After Fort Collins police responded to a call in which a family had fallen victim a scam, officers took matters into their own hands.
Saja Hindi, firstname.lastname@example.org
The owner of Timber Ridge and Skyline mobile home parks in Fort Collins is proposing a new manufactured home community in south Fort Collins.
While several parks have closed in and around Fort Collins, no new mobile home parks have opened in decades.
Representatives from Sun Communities of Southfield, Michigan, are meeting with city planners next week to review preliminary designs for a 211-unit mobile home park just south of College Avenue and Trilby Road.
It would be Sun’s third property in and around Fort Collins; Skyline park, 2211 W. Mulberry St., is age restricted to those 55 and over.
It’s unclear if the new proposal would be open to all ages. Sun Communities representatives did not return phone calls seeking comment.
A conceptual review does not mean the plan will go forward or be approved but coincides with state legislation that encourages cities and counties to talk to each other on the issue of mobile homes and manufactured communities, said Sue Beck-Ferkiss, social policy and housing program manager for the city’s Social Sustainability Department.
HOUSING: Affordable housing development in south Fort Collins takes next steps
Often considered the most affordable of all housing options, a landing spot for some of the community’s poorest residents, the number of parks in and around Fort Collins is shrinking.
Five parks have closed in the past 23 years, displacing 461 families, including Grape Street and Bender Mobile Home Park in the past 11 years. All of the parks were redeveloped into commercial or residential projects.
Grape Street’s seven-unit park closed in 2008 to make way for the King Soopers-anchored North College Marketplace that opened in 2011. The larger, 32-home Bender Mobile Home Park is being redeveloped as Pateros Creek, a higher-end single-family housing project at the end of Wood Street.
Some of Fort Collins’ mobile home parks, like Skyline, are age restricted; some are geared to lower-income residents. They run from small to large, tired to modern, those with perfectly manicured lawns and paved streets to those with dirt yards and rutted roads.
Most include rentals as well as owner-occupied units. All parks, however, require residents to rent the land beneath their mobile homes.
The city has acknowledged mobile home parks are an integral affordable housing option. The back-to-back closings of Grape and Bender led to a city study in 2013 to determine what place mobile homes have in the city’s affordable housing inventory and what responsibility the city and developers have to families displaced by redevelopment.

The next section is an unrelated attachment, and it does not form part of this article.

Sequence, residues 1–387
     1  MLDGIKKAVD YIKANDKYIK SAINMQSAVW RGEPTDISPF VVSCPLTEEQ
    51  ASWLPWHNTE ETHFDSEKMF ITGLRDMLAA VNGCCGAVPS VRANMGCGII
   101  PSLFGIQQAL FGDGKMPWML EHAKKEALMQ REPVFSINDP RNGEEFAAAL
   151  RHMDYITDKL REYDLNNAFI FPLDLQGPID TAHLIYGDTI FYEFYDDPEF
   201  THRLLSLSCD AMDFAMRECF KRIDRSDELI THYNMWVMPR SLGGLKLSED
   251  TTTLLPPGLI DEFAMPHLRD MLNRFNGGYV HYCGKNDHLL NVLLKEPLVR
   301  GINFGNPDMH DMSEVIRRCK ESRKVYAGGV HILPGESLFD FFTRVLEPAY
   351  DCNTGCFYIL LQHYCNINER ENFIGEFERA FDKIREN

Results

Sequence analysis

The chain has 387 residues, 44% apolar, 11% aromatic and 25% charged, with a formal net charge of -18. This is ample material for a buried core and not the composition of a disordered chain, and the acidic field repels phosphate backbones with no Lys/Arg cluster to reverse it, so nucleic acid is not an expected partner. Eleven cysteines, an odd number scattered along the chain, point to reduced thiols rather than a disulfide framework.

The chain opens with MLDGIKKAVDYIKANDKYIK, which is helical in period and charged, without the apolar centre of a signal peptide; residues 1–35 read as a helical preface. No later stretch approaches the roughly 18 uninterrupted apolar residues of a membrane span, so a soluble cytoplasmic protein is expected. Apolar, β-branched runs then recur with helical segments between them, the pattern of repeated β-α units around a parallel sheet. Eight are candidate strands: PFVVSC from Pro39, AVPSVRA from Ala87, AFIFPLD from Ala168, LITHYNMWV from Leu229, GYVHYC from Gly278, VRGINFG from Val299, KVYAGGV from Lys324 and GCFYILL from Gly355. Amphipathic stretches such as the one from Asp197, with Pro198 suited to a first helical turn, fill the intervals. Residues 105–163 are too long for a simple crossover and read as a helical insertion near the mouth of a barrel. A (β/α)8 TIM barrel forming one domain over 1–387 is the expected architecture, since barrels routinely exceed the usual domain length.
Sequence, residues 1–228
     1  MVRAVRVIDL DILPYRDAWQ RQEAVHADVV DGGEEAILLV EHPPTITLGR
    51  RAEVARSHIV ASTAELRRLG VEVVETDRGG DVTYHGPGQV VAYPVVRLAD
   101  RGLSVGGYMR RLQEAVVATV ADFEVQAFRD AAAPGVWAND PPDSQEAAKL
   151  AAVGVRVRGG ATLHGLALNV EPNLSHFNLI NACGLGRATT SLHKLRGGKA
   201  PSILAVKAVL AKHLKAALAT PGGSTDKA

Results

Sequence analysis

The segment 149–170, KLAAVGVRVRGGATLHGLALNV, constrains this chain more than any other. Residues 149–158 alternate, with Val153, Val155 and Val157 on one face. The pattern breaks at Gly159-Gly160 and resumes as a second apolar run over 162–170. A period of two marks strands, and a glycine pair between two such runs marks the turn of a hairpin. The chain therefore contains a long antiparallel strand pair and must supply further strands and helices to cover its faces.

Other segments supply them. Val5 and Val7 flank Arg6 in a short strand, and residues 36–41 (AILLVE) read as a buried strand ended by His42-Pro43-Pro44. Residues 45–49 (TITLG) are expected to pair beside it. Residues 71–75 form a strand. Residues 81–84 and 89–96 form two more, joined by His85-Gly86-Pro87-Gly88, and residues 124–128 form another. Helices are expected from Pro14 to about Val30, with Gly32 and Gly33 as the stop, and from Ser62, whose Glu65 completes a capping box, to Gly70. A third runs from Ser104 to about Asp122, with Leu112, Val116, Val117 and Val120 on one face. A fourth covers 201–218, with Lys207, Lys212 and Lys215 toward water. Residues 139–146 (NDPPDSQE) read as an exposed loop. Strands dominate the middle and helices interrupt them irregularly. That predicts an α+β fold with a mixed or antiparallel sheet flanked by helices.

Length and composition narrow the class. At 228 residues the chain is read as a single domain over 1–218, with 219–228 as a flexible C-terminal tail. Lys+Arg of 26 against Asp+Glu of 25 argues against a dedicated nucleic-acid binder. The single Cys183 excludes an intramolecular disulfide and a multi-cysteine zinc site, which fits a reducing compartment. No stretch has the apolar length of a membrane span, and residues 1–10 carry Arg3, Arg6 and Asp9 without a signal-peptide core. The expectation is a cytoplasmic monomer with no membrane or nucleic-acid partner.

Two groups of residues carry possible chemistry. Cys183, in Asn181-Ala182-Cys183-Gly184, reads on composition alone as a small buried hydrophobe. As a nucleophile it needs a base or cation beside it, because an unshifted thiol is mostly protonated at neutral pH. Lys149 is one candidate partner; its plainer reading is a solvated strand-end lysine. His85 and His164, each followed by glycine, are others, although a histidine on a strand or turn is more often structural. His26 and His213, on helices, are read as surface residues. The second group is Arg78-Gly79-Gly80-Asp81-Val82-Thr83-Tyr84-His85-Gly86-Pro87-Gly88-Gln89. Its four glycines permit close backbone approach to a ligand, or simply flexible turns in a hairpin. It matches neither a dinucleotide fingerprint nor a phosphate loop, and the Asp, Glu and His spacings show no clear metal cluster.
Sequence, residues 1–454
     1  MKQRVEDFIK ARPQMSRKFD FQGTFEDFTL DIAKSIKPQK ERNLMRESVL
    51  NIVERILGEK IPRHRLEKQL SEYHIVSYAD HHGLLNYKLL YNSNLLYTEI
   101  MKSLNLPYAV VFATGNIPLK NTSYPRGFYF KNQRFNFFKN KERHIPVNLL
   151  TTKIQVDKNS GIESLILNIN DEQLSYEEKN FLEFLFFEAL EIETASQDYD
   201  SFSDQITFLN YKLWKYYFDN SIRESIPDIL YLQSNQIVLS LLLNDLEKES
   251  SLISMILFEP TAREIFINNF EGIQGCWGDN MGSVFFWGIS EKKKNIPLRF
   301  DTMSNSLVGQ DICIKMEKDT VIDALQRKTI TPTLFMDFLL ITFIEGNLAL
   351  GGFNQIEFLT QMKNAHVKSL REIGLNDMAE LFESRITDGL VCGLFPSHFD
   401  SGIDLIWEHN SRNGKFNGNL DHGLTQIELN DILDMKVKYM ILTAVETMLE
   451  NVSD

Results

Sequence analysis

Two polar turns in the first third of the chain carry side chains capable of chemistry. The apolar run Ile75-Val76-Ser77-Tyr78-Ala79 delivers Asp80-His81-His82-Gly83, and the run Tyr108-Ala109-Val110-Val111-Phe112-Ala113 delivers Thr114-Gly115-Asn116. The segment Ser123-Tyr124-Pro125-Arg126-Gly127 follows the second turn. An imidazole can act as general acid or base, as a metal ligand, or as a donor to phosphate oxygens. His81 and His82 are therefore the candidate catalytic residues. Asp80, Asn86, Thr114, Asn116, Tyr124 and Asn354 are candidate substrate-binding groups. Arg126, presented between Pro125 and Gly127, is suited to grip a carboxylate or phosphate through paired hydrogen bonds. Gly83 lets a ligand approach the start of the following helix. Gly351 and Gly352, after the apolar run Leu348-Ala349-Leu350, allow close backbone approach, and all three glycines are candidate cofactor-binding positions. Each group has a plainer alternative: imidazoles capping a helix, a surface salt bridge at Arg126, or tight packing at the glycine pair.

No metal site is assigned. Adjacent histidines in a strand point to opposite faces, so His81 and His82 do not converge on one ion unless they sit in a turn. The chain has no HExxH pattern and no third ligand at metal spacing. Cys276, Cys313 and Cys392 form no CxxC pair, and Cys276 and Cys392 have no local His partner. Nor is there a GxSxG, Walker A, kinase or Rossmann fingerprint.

Fast forward six years and city staff is currently exploring several mobile home park-related reforms to city code, including resident rights regulations, a new mobile home park-specific zoning district, increased time requirements for notices of redevelopment and allowing park residents the right of first refusal if the park goes up for sale.
Earlier this month, City Council approved a one-year moratorium on park redevelopments to give staff time to research options. “We will not be looking at a one-size-fits-all solution,” Beck-Ferkiss said. “We have many strong, healthy parks that provide great housing options that we do want to preserve.”
The moratorium will not affect plans for Sun Communities’ new park, which would be built on vacant land.
According to preliminary documents, the mobile home park would include a nearly 2-acre park and a half-acre pocket park.
The site abuts Pleasant Grove mobile home park on the north and is southeast of the intersection of South College Avenue and East Trilby Road.
No formal plans have been filed.
Other plans for the 32-acre site have come and gone, including mobile home parks, but in the end, developers determined the projects were economically unfeasible, Beck-Ferkiss said.
Mobile homes are permitted in the area, city planner Meaghan Overton said, and because the project is larger than 30 acres, the developer would be required to include four different housing types.
Manufactured housing — the term most frequently used to refer to mobile homes manufactured after 1976 — is considered one housing type, Overton said.
Number of mobile homes
Based on 2013 data. While some parks in the county have changed hands, none have closed since 2012.
- Mobile home units in Fort Collins: 1,336
- Mobile home units contiguous to city limits: 935
- Mobile home units in growth management area and not contiguous to city limits: 510
Mobile home park closures since 1996
- Pioneer Mobile Home Park closed in 1996 for redevelopment of what is now Harmony Marketplace and Harmony Village. Families displaced: 200
- Johnson Mobile Home Park closed in 1997 after the Spring Creek Flood. After flood mitigation, it was redeveloped as The Summit student housing (now State) in 2013. Families displaced: 92
- Dry Creek Mobile Home Park closed in 2006. The property has been subdivided into single-family lots. Families displaced: 130 (park was permitted for 240)
- Grape Street closed in 2008 to make way for North College Marketplace and King Soopers. Families displaced: 7
- Bender Mobile Home Park closed in 2012 to make way for residential redevelopment. Families displaced: 32
Source: City of Fort Collins and Coloradoan research
Coloradoan reporter Jacy Marmaduke contributed to this report.
Pat Ferrier is a senior reporter covering business, health care and growth issues in Northern Colorado. Please support her work and that of other Coloradoan journalists by subscribing: See Coloradoan.com/subscribe to learn how.
Read or Share this story: https://www.coloradoan.com/story/news/2019/08/23/fort-collins-first-new-mobile-home-park-decades-proposed/2083882001/